Monday, October 15, 2012

Shades of gray

Given the title, I suppose this post could be another rant about aging and the transformation of my once brown locks to timber wolf gray. Or if I had tacked on "50" to the title I could have got all the traffic for the soft-core porn novel that women are swooping off the shelves. Or it could be about the weather shift here in Seattle back from the unaccustomed record days of sunshine back to the misty grays.

Maybe it is about all of those things (except for the stupid porn novel...I just threw that in to get more hits).

I grew up in an era of grays. Our televisions gave us a gray view of the world before flat screen, HD with 3D became the norm. I didn't know that Dorothy's world went from the stark gray of Kansas to the livid colors of Oz until I was in my teens. I had always watched the Wizard of Oz on a black and white television until color televisions finally came down in price enough that even lower middle class families like ours could own them.

My children look at black and white photos and ask me why the color has drained out of them. I just tell them that there was a time without color. Most of the photographs from my childhood were black and white. So many of my memories are forever gray (and often blurry) images pasted in worn photo albums.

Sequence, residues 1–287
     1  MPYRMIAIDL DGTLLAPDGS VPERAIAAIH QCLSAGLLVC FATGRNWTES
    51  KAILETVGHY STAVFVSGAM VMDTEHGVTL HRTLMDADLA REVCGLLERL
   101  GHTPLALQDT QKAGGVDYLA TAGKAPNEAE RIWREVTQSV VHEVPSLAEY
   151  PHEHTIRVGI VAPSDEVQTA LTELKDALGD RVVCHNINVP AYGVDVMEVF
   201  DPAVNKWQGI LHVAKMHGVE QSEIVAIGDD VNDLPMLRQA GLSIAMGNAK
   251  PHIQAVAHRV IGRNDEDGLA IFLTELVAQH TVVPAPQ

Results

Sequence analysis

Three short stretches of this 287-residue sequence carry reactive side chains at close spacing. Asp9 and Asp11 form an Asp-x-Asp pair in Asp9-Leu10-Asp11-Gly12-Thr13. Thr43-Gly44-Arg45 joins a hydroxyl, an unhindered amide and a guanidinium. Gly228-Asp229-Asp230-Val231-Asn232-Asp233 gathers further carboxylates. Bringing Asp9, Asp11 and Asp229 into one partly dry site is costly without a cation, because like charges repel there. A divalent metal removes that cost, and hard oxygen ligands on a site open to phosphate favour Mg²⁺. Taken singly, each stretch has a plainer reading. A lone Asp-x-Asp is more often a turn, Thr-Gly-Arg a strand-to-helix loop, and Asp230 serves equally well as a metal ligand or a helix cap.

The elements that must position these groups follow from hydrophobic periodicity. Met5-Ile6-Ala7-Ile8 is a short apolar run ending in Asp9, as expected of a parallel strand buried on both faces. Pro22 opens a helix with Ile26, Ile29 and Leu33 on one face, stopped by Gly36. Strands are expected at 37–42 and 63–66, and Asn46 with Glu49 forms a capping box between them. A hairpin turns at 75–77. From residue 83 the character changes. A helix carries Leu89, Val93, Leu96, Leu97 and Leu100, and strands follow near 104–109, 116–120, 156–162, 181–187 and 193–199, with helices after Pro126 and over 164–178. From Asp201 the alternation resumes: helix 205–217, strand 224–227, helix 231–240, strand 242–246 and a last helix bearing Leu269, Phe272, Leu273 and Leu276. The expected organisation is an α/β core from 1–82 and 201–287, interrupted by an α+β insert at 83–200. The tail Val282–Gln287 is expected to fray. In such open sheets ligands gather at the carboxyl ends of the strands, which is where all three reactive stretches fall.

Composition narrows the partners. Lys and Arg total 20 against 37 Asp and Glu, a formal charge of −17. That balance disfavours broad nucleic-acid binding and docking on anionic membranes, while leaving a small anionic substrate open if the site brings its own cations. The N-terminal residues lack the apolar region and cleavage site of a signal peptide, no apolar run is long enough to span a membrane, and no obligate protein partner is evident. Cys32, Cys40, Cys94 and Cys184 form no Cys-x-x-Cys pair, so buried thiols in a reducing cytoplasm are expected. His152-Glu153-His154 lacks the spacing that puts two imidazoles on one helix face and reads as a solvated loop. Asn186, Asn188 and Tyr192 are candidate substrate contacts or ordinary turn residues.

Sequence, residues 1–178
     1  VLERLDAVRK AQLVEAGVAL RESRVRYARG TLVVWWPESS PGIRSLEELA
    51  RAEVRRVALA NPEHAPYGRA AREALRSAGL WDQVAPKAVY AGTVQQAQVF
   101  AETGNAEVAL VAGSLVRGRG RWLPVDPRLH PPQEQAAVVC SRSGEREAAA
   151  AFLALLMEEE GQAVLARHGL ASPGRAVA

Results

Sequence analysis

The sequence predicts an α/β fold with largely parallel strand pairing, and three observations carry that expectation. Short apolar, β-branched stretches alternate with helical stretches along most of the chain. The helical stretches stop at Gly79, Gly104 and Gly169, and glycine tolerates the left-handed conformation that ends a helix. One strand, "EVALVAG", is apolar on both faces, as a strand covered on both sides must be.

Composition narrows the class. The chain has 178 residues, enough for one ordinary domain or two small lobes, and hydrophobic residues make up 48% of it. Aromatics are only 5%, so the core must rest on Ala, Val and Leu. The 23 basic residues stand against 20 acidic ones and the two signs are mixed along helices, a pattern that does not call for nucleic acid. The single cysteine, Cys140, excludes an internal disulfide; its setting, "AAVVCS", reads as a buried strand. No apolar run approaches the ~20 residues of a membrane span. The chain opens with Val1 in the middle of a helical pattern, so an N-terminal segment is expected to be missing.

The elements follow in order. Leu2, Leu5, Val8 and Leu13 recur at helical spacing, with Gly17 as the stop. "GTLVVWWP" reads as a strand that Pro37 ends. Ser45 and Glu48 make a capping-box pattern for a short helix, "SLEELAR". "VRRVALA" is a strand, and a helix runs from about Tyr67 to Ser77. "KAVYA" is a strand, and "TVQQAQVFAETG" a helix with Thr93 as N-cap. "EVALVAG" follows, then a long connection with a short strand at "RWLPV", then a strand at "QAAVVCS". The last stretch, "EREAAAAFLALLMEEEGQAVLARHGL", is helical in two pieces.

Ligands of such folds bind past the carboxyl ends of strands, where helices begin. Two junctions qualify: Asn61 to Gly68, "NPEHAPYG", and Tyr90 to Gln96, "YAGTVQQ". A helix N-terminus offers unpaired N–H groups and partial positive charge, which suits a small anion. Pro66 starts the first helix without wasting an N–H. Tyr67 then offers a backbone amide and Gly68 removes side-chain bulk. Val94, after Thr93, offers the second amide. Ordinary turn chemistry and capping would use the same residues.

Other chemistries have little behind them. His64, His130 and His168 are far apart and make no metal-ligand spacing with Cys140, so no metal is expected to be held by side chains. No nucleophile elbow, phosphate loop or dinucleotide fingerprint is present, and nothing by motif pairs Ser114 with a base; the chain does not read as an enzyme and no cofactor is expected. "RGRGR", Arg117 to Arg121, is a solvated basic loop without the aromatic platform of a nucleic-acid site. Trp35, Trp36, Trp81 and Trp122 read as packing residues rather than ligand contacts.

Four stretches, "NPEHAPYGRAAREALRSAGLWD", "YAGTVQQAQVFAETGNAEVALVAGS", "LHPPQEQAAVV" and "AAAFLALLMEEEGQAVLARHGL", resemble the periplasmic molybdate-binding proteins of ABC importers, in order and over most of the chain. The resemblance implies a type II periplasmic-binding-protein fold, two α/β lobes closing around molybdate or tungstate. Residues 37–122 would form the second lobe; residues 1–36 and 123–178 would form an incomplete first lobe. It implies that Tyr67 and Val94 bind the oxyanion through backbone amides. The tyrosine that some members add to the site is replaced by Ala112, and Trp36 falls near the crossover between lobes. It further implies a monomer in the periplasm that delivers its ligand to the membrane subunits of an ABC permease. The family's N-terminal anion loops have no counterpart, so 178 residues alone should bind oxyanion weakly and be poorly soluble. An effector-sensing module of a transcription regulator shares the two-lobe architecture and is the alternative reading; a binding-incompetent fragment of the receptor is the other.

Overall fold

What is color anyway, but a trick of reflected light. Perhaps the real world is only various shades of gray.

I look in a mirror and see gray everywhere. It's like a mask of age donned by my much younger mind. I remember having an old man rubber mask when I was in my late teens. I put it on once along with old man clothes and shuffled up to my mom's front door and rang the bell (I was still living at home in the basement with a door that opened up to the outside).  She came to the door looking vaguely frightened and asked, "Could I help you?" I laughed and spoke with my young man's voice, "Mom, it's me." It took her a few moments but she finally recognized that it was her youngest son. I took off the mask and we all had a good laugh.

The mask doesn't come off anymore.

Monday, October 08, 2012

All you can eat

Anytime I go to a restaurant that offers all you can eat or bottomless anything, I am wrought with anxiety. Perhaps it stems from childhood. Eating out was an event in our house because we could rarely afford to do so. When we did, we would go to places like Bower's 99'R, a place that offered a full meal for 99-cents and all you could eat. Later, after Bower's 99'R went out of business (eaten out of business I imagine), we went to places like the Chuck Wagon Buffet and later, the Royal Fork.

My anxiety at being faced with the promise of all you can eat is that, as a child, I really wanted to test the limits of all I could eat and I would fill my plate with a bit of everything. And part of the way into it I was unable to finish any of it. The sign at the Chuck Wagon admonished people to "Take all you want, but eat all you take." So I dined in fear that I would be judged by the servers who cleared plates for taking more than I could eat.